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In early October, California’s governor signed into law Senate Bill 38, which amends Section 761.3 of the California Public Utilities Code to address safety concerns with the booming battery energy storage (BESS) industry in the state. The new law requires that every battery energy storage facility located in California establish an emergency response and emergency action plan that covers the facility. The owner/operator of the facility must coordinate with local emergency management agencies, unified program agencies, and local first responders to develop the response and action plan and must submit the plan to the county and, if applicable, the city where the facility is located. Specifically, under the new law, the emergency response and action plans shall:

  • Be consistent with Sections 142.3 and 6401 of the Labor Code and any related regulations;
  • Be consistent with the regulatory requirements applicable to emergency action plans pursuant to Section 3220 of Title 8 and California Code of Regulations;
  • Establish response procedures for an equipment malfunction or failure;
  • Include procedures that provide for the safety of surrounding residents, neighboring properties, emergency responders, and the environment (procedures to be established in consultation with local emergency management agencies); and
  • Establish notification and communication procedures between the battery storage facility and local emergency management agencies.

Additionally, a facility’s emergency response and emergency action plan may consider responses to potential offsite impacts (e.g., poor air quality, threats to municipal water supplies, water runoff, and threats to natural waterways) and may include procedures for the local emergency response agency to establish shelter-in-place orders and road closure notifications (where appropriate).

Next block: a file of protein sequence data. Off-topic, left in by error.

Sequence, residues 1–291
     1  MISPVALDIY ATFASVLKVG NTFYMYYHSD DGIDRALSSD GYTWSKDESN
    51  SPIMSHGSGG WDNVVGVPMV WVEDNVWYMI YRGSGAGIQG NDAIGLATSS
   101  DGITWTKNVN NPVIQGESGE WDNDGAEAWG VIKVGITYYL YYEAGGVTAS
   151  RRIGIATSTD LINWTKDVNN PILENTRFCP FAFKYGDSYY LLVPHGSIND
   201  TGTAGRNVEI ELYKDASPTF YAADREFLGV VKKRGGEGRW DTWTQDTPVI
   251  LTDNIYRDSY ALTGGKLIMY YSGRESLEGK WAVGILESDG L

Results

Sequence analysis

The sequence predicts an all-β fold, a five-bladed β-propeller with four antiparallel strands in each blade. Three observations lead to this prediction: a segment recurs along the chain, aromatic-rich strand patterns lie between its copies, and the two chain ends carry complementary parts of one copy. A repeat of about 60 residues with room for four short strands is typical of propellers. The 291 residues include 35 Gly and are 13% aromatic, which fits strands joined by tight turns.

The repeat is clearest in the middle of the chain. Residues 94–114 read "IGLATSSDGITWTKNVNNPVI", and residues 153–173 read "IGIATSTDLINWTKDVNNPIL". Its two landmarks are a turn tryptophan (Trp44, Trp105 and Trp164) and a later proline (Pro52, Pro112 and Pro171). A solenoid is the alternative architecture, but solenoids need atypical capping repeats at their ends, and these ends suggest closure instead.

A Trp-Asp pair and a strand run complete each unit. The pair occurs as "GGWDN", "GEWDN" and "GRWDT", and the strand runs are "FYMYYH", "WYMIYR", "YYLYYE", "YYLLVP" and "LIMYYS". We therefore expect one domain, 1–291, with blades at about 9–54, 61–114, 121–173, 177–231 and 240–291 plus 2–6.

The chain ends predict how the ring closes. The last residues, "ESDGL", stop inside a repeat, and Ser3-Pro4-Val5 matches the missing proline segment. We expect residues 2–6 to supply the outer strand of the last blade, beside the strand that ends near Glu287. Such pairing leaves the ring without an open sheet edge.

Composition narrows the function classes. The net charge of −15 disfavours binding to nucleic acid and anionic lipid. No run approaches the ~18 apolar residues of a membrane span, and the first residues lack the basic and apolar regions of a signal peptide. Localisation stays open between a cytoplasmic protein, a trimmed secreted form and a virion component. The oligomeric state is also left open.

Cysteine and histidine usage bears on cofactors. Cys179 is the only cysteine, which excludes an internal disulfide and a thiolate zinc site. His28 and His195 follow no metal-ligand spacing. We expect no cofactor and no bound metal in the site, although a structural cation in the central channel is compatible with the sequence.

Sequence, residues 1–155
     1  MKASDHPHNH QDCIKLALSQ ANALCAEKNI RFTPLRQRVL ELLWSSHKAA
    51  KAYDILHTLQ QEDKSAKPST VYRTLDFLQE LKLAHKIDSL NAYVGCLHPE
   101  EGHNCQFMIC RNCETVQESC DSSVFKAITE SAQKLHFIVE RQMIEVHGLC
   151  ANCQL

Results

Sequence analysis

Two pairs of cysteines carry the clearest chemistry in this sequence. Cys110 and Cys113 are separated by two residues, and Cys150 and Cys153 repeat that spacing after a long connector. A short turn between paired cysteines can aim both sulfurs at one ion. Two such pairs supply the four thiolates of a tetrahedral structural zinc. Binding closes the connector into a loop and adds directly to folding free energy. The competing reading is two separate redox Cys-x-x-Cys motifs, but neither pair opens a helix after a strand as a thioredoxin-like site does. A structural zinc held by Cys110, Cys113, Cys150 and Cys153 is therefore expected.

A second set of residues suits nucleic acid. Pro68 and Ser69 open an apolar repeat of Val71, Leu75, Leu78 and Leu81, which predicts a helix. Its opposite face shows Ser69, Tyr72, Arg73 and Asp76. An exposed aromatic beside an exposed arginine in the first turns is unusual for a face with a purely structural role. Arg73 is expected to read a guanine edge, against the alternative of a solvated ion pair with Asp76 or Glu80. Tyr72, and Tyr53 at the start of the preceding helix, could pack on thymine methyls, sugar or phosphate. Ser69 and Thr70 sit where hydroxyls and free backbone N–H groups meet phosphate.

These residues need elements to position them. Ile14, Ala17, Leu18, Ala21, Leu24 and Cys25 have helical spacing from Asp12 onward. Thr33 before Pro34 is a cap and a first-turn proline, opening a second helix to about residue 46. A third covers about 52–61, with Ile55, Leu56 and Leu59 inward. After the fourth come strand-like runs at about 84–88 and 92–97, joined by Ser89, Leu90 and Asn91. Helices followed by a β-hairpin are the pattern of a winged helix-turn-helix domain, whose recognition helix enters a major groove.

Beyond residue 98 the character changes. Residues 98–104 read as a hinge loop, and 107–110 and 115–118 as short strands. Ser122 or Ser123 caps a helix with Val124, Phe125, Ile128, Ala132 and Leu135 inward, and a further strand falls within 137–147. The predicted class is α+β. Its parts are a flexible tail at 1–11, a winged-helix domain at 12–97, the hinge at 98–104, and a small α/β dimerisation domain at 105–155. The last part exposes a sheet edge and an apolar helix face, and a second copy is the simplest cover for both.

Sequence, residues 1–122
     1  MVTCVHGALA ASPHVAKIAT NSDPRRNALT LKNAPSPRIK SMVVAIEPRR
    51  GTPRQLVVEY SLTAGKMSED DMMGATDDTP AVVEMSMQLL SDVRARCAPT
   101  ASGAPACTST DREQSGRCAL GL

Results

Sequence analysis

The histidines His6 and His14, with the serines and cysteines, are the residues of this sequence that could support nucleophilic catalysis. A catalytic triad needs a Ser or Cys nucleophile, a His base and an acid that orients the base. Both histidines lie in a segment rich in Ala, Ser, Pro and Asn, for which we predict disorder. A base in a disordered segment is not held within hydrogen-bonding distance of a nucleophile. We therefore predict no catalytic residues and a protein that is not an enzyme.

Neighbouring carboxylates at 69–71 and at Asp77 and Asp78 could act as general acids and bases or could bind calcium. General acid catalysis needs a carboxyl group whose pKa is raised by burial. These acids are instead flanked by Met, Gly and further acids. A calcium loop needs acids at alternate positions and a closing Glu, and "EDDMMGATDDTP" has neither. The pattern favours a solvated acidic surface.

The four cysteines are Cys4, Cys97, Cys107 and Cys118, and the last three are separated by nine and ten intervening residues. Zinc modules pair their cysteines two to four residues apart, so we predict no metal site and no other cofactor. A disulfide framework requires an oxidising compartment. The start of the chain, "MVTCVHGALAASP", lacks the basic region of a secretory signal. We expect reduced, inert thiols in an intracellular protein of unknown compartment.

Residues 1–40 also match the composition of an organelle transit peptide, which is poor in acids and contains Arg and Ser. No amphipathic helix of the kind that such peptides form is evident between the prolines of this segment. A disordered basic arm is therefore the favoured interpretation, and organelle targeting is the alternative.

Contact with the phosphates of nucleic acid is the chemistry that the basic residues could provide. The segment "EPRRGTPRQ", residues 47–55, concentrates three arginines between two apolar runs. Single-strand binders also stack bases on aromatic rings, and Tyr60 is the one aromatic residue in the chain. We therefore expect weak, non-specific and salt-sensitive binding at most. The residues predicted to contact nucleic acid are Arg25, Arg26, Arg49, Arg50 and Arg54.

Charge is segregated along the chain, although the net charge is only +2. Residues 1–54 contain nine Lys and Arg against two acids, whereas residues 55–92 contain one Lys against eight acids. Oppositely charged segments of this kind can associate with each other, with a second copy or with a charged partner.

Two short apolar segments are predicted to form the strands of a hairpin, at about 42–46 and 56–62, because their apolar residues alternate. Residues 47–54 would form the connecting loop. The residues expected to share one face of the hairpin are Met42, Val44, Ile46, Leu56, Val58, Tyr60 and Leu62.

Many local authorities already require that battery storage facilities develop emergency response and action plans. California’s recent changes to the Public Utilities Code could lead to more uniformity and predictability in establishing these sorts of plans going forward. However, it may take local authorities some time to implement and adapt to these regulations, which might result in delays or other hiccups in getting plans approved. Battery storage developers and contractors should be mindful of these new requirements and plan/schedule around the need to develop and have these plans approved by local authorities.

If you have any questions about California’s recent battery energy storage legislation or battery storage projects in general, please do not hesitate to reach out to Aman Kahlon or Carly Miller.